Monday, 1 April 2013

Kaizen in Writing

I first came across kaizen over a decade ago, when I was at college and doing a Business Studies A level: it was described as a style of business management that involved continuously making small changes. This philosophy appealed to me. I have always tended to be goal-orientated and results-driven (often to my detriment!), so monitoring what works is something I do automatically. However, I also have a strong perfectionist streak that screams 'why make small changes when you can make big changes?'

Kaizen is much more effective when you overcome such perfectionism. The point of making small changes is that they are achievable, which is also motivating. The point of them being continuous is that you build momentum and the small changes accumulate into big changes.

Kaizen is also marvellously flexible. You can apply the principles to pretty much anything, in every area of your life. There are lots of ways writers can use kaizen; far too many for me to mention in one blog post. Besides, part of the fun is in adapting these ideas for yourself!

Here are some examples to get you started:

1/. Kaizen Editing
Focus on changing one tiny aspect of your draft at a time. This could be anything from flagging up clich├ęs to spotting spelling mistakes. Conveying a character's mean streak or checking punctuation. Finding plot holes or removing excess adverbs. You get the idea!

2/. Kaizen in your Routine
Think of small changes that will make it easier for you to write. Many people have a coffee before they think about writing to perk them up, for instance, whereas coffee gives me gastritis so I warm up my brain by checking emails, online banking, editing my Amazon wishlist, etc. if you feel tired mid-afternoon, would you benefit from a power nap or a power walk? How do certain foods affect you? A chocolate bar may sound like a good idea for a late morning energy boost, but not once the sugar high wears off. How could you make your writing area more comfortable or inspirational?

You may need to think a lot about what is preventing your routine from being more effective, but once you pinpoint the problem and make small changes, you can make a big difference to your productivity.

3/. Kaizen for your Submissions Process
Or, in my case, lack of submission process! Again, you might need to address some major issues, such as confidence, but kaizen is about making things generally easier - you don't necessarily need to tackle an issue head-on to yield results. So, you may be reluctant to submit short stories because you lack confidence, but making submitting easier and more convenient could lead to you submitting more stories. I find it hard to work up the confidence to submit to competitions, but most of the competitions I enter are ones I can pay for and enter online. Why? Because once I find that iota of confidence, it takes 2 minutes to submit! I don't have to sustain my confidence as I print the story, fill in an entry form, write a check, find an envelope, take it to the post office...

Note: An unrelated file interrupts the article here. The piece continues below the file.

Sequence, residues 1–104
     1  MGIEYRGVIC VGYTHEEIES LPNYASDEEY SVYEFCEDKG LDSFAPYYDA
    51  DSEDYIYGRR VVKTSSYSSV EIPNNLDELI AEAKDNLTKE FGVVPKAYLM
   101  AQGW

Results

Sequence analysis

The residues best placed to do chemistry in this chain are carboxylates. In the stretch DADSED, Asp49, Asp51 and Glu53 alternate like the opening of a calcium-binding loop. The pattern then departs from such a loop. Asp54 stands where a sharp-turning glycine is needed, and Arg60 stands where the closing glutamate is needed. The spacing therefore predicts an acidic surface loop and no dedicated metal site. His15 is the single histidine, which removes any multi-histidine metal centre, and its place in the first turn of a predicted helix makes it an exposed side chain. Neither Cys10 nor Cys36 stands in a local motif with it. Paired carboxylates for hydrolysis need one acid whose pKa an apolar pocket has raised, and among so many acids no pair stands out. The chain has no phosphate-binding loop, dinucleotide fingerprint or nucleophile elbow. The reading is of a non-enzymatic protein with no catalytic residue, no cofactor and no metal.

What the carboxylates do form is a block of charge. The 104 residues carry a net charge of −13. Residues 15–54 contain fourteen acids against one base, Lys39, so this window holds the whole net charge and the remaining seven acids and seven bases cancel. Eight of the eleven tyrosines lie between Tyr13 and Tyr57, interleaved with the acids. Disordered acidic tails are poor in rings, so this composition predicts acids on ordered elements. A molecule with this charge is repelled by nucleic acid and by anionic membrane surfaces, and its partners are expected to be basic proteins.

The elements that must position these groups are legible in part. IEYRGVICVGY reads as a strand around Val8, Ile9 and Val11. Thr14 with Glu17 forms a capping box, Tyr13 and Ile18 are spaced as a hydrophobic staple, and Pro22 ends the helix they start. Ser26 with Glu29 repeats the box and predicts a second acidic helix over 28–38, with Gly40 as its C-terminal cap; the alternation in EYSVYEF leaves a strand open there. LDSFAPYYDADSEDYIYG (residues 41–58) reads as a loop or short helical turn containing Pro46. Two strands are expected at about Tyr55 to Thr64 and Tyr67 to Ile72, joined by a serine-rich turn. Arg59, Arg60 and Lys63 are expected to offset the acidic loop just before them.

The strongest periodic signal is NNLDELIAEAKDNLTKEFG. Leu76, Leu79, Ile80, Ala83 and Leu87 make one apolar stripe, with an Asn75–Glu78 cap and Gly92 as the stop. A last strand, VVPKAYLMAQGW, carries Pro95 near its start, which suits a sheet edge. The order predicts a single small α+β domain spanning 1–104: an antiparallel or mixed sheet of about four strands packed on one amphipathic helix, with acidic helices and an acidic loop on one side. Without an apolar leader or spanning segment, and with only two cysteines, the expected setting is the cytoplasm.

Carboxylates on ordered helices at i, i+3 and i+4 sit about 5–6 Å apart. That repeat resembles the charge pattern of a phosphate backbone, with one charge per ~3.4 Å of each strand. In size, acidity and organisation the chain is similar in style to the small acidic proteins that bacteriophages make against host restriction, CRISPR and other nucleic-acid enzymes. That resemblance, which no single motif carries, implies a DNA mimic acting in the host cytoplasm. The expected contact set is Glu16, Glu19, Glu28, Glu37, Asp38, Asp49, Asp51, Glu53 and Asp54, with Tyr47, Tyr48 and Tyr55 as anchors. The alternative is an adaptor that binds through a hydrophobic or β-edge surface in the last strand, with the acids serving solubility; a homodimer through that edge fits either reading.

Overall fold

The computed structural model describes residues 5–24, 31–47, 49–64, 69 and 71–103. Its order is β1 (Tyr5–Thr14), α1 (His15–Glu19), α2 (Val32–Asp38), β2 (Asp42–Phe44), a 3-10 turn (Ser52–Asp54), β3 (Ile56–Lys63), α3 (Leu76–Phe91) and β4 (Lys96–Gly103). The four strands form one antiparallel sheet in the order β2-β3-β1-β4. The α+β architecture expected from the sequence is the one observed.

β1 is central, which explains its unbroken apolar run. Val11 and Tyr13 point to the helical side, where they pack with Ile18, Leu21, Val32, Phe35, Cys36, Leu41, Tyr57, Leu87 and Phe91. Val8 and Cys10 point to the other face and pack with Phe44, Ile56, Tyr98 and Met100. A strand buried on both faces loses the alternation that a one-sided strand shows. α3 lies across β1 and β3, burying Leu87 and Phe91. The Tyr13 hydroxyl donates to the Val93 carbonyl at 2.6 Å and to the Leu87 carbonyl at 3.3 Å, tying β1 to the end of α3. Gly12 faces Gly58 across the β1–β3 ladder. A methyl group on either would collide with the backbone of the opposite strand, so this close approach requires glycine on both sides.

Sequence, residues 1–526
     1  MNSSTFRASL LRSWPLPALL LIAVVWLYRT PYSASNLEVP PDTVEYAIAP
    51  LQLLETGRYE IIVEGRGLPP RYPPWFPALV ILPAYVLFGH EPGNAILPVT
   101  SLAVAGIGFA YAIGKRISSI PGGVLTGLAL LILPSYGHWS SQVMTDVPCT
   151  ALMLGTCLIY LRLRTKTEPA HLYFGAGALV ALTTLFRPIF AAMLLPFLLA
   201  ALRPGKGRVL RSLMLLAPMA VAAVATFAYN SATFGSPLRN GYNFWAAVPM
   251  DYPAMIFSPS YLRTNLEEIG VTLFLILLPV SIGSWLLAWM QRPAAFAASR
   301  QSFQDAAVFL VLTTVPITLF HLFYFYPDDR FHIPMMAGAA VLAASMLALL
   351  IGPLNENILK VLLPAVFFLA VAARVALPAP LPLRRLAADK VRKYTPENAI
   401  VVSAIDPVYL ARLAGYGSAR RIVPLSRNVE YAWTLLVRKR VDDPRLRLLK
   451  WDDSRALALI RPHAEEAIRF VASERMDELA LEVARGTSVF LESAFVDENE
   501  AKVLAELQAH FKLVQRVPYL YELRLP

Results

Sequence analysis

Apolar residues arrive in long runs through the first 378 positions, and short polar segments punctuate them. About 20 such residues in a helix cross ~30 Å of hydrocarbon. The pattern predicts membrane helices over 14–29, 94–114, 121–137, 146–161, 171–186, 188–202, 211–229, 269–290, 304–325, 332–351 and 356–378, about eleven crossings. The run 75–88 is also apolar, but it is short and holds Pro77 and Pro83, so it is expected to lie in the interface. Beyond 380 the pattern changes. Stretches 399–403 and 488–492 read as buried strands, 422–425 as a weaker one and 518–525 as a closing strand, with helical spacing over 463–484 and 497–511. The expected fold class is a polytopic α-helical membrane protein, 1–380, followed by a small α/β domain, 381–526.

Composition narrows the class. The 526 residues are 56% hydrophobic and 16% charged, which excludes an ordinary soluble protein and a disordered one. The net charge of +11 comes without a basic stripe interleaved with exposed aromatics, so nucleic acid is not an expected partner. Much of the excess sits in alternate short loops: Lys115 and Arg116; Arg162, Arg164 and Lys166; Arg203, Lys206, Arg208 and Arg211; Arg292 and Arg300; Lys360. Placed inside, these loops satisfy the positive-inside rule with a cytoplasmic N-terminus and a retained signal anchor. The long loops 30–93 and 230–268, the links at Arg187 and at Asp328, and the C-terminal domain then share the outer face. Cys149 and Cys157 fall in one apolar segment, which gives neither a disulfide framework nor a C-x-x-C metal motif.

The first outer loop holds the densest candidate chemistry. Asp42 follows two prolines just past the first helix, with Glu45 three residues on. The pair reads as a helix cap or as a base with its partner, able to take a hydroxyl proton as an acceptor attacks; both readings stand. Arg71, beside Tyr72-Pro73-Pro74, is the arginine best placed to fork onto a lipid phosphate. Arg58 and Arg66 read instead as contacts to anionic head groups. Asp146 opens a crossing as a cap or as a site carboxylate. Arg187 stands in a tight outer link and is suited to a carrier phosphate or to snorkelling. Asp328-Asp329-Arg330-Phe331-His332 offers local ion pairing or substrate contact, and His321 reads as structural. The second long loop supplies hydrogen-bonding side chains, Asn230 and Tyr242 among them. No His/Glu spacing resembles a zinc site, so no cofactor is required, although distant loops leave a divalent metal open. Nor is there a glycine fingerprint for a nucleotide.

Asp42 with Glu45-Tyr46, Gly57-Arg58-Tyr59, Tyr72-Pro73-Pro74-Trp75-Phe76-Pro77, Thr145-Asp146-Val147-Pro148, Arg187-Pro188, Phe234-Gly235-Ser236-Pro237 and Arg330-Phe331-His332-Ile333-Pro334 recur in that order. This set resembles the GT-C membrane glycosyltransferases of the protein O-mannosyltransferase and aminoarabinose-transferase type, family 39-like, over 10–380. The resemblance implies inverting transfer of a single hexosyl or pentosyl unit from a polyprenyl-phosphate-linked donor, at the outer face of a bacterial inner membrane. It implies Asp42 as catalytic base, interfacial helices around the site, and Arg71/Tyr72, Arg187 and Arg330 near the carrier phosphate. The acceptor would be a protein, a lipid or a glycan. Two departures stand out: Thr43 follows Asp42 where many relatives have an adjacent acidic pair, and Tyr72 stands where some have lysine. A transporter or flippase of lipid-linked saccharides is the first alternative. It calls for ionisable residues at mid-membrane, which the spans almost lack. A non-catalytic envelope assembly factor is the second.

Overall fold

And just by writing this, I can think of many more things that would make it easier for me to submit: I could buy a load of stamps at the postage price of my average submission, make a list of free competitions and/or journals accepting online entries, get critique partners to tell me which stories are good enough to submit and which need work. Of course, I should also work on building my confidence, but I wanted to show that kaizen can offer simple solutions in complex situations!

And once you start making changes, continue...

Kaizen can be used in such a range of applications related to writing that it's impossible to mention them all in a single post. It's a topic I will experiment with and revisit in future. Meanwhile, have fun conducting your own experiments and let me know the results!



  1. I like your description of kaizen, and I agree that small changes are much easier to take on than big ones. It takes me a while to work up the confidence to send my stories out too. I found out about a literary magazine that was accepting submissions several weeks ago, but it wasn't until the night before the deadline that I finally got enough nerve to submit my story (thank goodness for online submissions).

    1. Thank you :-) I don't know how I'd cope without online submissions - probably submit about once a year!

  2. That's a fascinating post, Hayley - lots of good advice. Please do continue sending your work out - remember it's all anonymous to the readers/judges so it's not personal at this stage, and it's fun waiting to hear if you're mentioned!

    1. Thanks, Rosemary. I'll try to keep submitting!